Mergers and lateral recruitment also became part of the firm's strategy. In 1998, White & Case merged with Brussels' Forrester, Norall & Sutton, focusing on European Union law. The Brussels office today is a recognized leader in this area of practice.
Partner Duane Wall assumed leadership of White & Case in 2000, and presided over further expansion of the firm, especially in Europe, where the firm opened in Italy (Milan, 2001) and merged with one of Germany's largest firms, Feddersen.  There were initially five German offices absorbed into White & Case (Frankfurt, Berlin, Dresden, Düsseldorf and Hamburg), although the network was extended in 2006 with the addition of space in the growing technology center of Munich at the expense of the disbanding German firm, Haarmann Hemmelrath.
After the September 11, 2001 attacks, White & Case was one of five firms that formed a steering group to coordinate the efforts of New York lawyers to provide free emergency legal services to victims.
Since 2000, the London office of White & Case has expanded considerably and now has a legal staff of more than 400. White & Case was one of the first US firms to establish a London office, in 1971, and was one of the first foreign firms to qualify when the Law Society of England and Wales changed its rules in 1993 to allow English and registered foreign lawyers to practice together in partnership. The London office offers both English and US-qualified lawyers and practices in the areas of banking and finance, capital markets, M&A, project finance and dispute resolution.
On October 1, 2007, White & Case announced a new leadership team, led by chairman Hugh Verrier. Previously head of the firm's Moscow office, Verrier was elected by the partnership in August 2007. The firm's new Executive Committee, which acts as the executive decision-making body, includes Verrier and three appointed partners: Anthony Kahn, Oliver Brettle and Asli Basgoz. On September 20, 2011, Hugh Verrier was re-elected chairman of the firm for a second term. Jacquelyn MacLennan, David Koschik and Oliver Brettle were subsequently named to the firm's executive committee.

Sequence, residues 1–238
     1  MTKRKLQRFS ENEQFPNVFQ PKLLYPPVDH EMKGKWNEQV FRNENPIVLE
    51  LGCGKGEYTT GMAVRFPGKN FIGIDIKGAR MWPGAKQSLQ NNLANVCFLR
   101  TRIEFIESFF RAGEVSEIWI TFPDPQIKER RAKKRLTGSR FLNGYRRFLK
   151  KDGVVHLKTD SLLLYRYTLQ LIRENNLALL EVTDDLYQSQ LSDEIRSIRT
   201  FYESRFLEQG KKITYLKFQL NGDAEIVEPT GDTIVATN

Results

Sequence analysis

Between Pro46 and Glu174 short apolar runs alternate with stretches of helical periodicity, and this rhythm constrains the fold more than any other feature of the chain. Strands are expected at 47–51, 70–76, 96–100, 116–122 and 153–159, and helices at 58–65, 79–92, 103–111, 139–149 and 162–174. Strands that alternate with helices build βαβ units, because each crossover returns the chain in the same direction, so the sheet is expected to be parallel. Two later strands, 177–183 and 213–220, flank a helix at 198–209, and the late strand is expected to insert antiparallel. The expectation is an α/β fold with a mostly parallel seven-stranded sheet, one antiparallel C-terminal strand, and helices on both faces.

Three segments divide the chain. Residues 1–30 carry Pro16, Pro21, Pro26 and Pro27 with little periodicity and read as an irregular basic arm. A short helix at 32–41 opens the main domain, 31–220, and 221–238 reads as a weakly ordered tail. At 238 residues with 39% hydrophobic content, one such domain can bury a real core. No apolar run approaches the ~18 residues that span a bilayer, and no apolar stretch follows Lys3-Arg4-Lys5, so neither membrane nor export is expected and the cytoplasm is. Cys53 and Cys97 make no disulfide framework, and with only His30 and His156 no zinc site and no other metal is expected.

In 2010, White & Case created a Global Pro Bono Practice  which is led by Ian Forrester, QC, an EU law litigator and a partner in the firm's Brussels office. The Global Pro Bono Practice focuses on three areas - providing access to justice, promoting the rule of law and serving the world's leading non-governmental organizations. Recent highlights include helping an African nation develop its mental health legislation and a database of human trafficking cases in almost 150 countries compiled by nearly 200 White & Case lawyers worldwide. White & Case has also advised on five debt-for-nature swaps in Costa Rica and Indonesia since 2006, totaling US$100 million. White & Case was ranked 22nd in the 2012 American Lawyer Pro Bono rankings, up from 34th the prior year. The Firm was also profiled by Law360 for its pro bono efforts.
White & Case is a Global Partner and official sponsor of the White & Case International Rounds of the Philip C. Jessup International Law Moot Court Competition, and also supports twelve national and national Jessup Competitions worldwide. With more than 2,000 law students representing 80 countries, the Jessup is the world's largest moot court competition.
White & Case has a distinguished record of partners joining the firm from high public positions, or leaving the firm to take up such positions. They include: